The Dodd-Frank financial reform act is also under assault. The budget “deal” includes a requirement that the Consumer Financial Protection Bureau be audited for its effects on the economy and jobs. The purpose of the Bureau is to prevent consumer fraud by financial institutions offering abusive products and services whose sole purpose is to enrich the provider at the expensive of the unwary and deliberately misinformed consumer; again we see who the right is really speaking for. We’ve already seen the economic damage that reckless, unregulated financial gambling has had on ordinary people, and now we are expected to fall for the Republican shibboleth of making a false choice between having a job—or be cheated and swindled for the fun and profit of another. When are Americans (excepting the tea-baggers, whose minds are just as limp and leached of substance as a wet tea bag) going to wise-up to the corporate-paid propaganda? Republicans hate people—especially the “ordinary” ones; it’s their plantation mentality.
I haven’t heard of a rider to force a Senate vote on defunding the EPA or weakening its powers, but with western state Republican angst about Obama’s wilderness preservation proposals (overturning Bush-era “initiatives”), we haven’t heard the last of the ghost of the still kicking ass James Watt and his disciples. Back in the day, Republicans like Teddy Roosevelt only wanted to “preserve” the land so that they could go exterminate the wildlife on it for fun; now they want to exterminate the land as well.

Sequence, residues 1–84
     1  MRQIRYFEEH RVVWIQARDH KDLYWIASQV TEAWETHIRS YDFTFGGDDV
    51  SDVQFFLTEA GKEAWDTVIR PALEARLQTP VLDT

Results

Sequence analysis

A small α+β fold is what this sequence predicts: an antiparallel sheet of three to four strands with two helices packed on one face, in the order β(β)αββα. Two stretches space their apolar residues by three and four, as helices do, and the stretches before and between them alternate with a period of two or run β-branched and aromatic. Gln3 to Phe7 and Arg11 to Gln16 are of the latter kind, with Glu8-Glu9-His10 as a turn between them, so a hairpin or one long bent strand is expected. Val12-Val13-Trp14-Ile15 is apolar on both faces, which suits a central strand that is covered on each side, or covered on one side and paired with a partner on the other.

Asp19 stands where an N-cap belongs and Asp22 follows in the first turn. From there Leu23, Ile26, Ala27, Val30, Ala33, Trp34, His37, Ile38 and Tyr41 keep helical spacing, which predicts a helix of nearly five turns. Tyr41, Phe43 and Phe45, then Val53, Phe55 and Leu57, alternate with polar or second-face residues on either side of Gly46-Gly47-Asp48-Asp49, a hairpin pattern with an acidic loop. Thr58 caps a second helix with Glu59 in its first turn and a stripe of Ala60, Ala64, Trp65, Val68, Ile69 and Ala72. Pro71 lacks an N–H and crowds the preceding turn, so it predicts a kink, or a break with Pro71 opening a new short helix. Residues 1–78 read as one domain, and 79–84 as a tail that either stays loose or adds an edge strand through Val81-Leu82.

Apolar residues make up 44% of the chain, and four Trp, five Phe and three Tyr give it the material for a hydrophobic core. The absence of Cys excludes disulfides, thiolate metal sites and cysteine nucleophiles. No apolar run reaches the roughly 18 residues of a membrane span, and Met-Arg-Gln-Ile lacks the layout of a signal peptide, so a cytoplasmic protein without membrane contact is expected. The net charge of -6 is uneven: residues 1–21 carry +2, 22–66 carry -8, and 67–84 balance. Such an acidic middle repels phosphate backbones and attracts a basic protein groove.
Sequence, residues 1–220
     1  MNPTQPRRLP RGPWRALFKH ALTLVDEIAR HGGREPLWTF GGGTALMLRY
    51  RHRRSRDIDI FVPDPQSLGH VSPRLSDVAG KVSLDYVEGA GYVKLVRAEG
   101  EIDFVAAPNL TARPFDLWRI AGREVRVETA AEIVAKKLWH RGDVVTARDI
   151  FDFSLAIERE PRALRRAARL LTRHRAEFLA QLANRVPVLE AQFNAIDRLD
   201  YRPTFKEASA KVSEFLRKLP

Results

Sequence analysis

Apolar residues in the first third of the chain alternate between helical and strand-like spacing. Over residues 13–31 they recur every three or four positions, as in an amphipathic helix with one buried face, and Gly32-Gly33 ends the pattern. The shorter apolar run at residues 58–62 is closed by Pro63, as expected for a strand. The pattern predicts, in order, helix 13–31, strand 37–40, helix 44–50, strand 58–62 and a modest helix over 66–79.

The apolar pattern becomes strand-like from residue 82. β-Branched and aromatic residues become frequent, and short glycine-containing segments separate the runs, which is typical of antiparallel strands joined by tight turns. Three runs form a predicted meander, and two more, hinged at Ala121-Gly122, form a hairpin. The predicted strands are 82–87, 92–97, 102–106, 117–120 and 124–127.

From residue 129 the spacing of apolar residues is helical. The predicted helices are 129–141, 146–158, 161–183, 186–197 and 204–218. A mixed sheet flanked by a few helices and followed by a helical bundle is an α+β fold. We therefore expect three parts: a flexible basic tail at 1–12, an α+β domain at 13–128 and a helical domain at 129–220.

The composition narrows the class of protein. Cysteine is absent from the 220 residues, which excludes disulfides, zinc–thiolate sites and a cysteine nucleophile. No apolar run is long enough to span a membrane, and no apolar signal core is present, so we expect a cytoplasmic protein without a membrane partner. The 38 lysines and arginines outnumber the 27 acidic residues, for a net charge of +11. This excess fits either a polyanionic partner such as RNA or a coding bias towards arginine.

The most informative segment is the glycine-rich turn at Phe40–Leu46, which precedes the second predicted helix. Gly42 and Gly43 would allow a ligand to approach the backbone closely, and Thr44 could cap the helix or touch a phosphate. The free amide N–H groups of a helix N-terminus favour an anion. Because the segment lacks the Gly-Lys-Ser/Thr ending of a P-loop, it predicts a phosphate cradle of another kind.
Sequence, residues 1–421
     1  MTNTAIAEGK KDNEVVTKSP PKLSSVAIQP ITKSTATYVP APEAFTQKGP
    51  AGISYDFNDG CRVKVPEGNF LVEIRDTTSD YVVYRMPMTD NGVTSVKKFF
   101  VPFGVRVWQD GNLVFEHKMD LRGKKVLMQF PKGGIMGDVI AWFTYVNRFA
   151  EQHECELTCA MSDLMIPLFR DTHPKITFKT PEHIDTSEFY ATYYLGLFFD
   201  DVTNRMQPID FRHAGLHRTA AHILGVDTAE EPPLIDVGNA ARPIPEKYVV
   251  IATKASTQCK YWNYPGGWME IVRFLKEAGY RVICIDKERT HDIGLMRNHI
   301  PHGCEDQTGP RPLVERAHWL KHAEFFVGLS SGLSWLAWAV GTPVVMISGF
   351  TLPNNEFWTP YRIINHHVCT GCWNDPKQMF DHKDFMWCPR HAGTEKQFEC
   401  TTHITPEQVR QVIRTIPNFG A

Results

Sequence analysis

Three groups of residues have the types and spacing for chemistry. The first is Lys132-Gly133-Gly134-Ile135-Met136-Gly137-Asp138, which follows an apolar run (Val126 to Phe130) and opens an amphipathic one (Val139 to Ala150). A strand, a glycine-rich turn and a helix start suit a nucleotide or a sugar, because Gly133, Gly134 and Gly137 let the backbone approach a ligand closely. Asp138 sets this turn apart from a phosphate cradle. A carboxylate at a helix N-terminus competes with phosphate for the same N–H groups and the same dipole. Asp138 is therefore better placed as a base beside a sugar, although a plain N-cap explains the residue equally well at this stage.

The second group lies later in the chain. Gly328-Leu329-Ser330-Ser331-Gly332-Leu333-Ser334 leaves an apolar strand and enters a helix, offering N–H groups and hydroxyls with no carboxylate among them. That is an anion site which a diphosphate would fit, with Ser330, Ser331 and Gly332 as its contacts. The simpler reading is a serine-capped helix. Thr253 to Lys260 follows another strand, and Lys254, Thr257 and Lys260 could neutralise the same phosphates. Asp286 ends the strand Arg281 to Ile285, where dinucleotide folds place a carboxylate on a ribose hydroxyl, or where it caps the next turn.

I really fear for this country. After the hard-fought battles to finally address the abuses of the health care system and from financial deregulation, which Republicans never had any intention of addressing—in fact, if they had their way, they’d make the perps even more unaccountable to the public good—we are being set-up for abuse again. I’m sick and tired of these hypocritical, Janus-faced right-wing commentators I’m hearing who claim they were “unhappy” about Bush-era deficits when the Republicans controlled Congress, yet were either content to blame “liberals” or had no "choice." Now they want “courageous” Blue Dogs to turn-tail and “step-up” to oppose the President; the problem is that the Republicans haven't set a very good example to follow--repeatedly voting for Bush’s bloated war-spending-off-the-books budgets.
In hard times like these (thanks to Republicans), the federal government must step in when the “free market” refuses to; government spending that creates or maintains jobs not only in its areas of responsibility (such as transportation infrastructure—painfully ignored by the previous administration for other projects, like needless warfare), and allows the private sector time to regain its footing by maintaining a certain level of consumer spending. As the economy improves, revenues will increase and the need for spending on job-creation projects will decline. It is all so simple, but apparently too hard for some people to comprehend given all the “socialism” hysteria you hear on Fox News and right-wing radio. Instead of comprehending what is best for the country at this time, Republicans would seem to prefer that ALL of your jobs eventually head to Asia (let’s cut that scapegoating NAFTA BS), and all this just to appease their appetite to chop-up the social safety-net programs that they hate, mainly because they are a reminder of the inequities they do support; southern Republican politicians who pine for a past life particularly like to view the country as a vast plantation that they can lord once more over.